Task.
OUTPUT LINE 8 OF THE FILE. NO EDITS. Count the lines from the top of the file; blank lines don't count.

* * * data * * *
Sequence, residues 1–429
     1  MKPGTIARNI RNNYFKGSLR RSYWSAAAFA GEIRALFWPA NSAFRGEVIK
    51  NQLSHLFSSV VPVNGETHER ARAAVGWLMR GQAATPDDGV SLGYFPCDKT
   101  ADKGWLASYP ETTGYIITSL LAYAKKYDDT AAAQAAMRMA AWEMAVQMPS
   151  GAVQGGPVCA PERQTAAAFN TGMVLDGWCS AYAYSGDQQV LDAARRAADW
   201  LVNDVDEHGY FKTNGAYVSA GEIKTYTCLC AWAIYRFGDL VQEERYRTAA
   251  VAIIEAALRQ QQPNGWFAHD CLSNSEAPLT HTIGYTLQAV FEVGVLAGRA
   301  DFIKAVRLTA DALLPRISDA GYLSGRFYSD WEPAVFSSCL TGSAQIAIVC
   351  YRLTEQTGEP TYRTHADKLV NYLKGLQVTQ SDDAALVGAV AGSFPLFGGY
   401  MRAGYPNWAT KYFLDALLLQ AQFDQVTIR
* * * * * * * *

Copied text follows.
   301  DFIKAVRLTA DALLPRISDA GYLSGRFYSD WEPAVFSSCL TGSAQIAIVC